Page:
Erik Šille is an established name on the Central European market and one of the most collectable Slovak artists.  A quick glance at his work reveals the immediate appeal of his edgy pop esthetics.  Erik's colorful paintings capture and reflect his fascination for consumerism and pop-culture. 

Šille draws inspiration for his vivid three dimensional works from unusual, yet familiar sources: comic books, cartoons, computer games, street art, graffiti, tattoo art and more. The form and substance of his creations is influenced by package design, advertising, the entertainment business and even political propaganda.

His unique technique involves applying acrylic paint to canvas in smooth, even and clean strokes enhanced with soft brush drawings. The brushstrokes are rendered invisible, seemingly disguising the artist’s hand.  The apparent purity and strictly calculated perfection of Šille’s stories is juxtaposed with the myriad of compositionally calculated elements like stains, pours, sprays and gestural interventions through which the artist’s hand is made manifest. 

The main protagonists of Šille's works are characters from popular cartoons and comic books caught in circumstances contrary to the clear and ideal world they come from.  He relies on gaudy colors and transforms “fast” digital imagery into a slow medium: painting. His interest in pop culture phenomena, the irrational characteristics of globalization, society and its local specifics.

Šille's work is characterized by distinctive visual overcrowding, an "infestation" of symbols, not dissimilar in the way they are compiled to Dadaist and surrealist collages. 

This oversaturation characteristic of his paintings corresponds to the supersaturation of the subject living in the late modern era, the main mantras of which are growth, continuous acceleration, simultaneity, increasing competition and efficiency in the professional and private life.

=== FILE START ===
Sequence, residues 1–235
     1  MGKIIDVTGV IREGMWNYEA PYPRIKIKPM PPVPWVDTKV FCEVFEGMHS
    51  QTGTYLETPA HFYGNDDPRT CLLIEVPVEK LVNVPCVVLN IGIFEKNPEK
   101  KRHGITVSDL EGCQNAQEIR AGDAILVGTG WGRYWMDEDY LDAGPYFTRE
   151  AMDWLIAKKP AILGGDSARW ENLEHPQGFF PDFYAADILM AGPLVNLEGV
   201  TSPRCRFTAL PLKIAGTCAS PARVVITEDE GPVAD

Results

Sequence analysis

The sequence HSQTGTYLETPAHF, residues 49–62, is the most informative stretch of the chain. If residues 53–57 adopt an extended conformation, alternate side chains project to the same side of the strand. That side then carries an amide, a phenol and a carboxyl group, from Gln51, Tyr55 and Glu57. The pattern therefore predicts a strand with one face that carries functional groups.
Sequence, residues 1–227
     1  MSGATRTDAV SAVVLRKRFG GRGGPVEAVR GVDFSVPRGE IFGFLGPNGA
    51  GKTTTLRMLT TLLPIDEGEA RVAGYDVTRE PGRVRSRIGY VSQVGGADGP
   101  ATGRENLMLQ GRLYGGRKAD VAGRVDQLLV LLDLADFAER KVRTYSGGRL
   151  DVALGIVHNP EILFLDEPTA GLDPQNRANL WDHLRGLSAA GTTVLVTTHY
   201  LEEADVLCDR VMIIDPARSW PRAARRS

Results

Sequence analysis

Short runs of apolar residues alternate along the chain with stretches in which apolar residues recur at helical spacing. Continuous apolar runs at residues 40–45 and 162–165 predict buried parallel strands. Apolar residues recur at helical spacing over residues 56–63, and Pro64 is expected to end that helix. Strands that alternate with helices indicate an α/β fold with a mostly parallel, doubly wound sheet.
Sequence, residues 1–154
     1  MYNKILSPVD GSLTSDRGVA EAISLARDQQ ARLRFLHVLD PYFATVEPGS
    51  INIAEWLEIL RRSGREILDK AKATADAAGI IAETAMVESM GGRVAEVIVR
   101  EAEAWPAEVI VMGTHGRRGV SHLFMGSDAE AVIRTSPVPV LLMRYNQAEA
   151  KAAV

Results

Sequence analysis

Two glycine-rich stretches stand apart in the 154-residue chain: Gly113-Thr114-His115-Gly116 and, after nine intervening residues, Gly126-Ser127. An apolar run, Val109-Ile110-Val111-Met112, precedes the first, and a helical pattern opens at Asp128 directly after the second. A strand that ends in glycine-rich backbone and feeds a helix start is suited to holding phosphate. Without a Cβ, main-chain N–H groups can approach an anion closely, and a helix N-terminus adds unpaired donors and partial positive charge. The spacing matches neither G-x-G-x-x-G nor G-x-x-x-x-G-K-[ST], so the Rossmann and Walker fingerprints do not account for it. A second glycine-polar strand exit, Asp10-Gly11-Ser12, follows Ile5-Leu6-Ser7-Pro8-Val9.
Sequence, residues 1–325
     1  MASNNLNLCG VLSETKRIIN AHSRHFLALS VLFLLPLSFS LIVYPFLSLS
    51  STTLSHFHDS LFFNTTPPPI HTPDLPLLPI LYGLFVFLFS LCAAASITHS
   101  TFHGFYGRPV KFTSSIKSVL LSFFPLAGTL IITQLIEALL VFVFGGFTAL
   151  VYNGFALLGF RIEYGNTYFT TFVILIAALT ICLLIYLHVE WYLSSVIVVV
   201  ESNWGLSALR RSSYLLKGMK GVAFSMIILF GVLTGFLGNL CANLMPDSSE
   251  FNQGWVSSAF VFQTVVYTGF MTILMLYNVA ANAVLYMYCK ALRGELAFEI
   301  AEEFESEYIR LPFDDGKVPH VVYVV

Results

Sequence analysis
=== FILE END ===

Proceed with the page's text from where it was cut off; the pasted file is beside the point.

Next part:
Although his works often include references to pressing ecological and social problems, Šille does not overtly moralize in his works. Neither does he declare his position on the issues. Rather he is fascinated by the cycle of ceaseless consumption whether of products or relationships.

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Anatomy is a discipline concerned with the study of the structure of organisms and their parts. Gross anatomy in particular has traditionally required dissection and visual inspection of the external or internal organs of a subject. In his emergent Anatomy cycle (2015) Šille has appropriated the idea of visual dissection to probe human feelings and concepts.

Inside the juicy-looking, colorfully painted entrails nestle tiny humans and animals. From a tangle of pink and blue bowels peep out cartoonish eyes. Hot dogs march over the surface of this anatomical mass.

Whether expressed through colors, morphology or even in the stories he tells, the sense of tension or conflict is ever present in Šille’s paintings.

At first glance the components of an Erik Šille painting are difficult to decipher. After all, how does one dissect helplessness?

Šille's cycle is not about analysis of the collective (sub)consciousness, but rather an autopsy of collective helplessness in the pursuit of personal happiness in the era of joyful consumption of unnecessary things.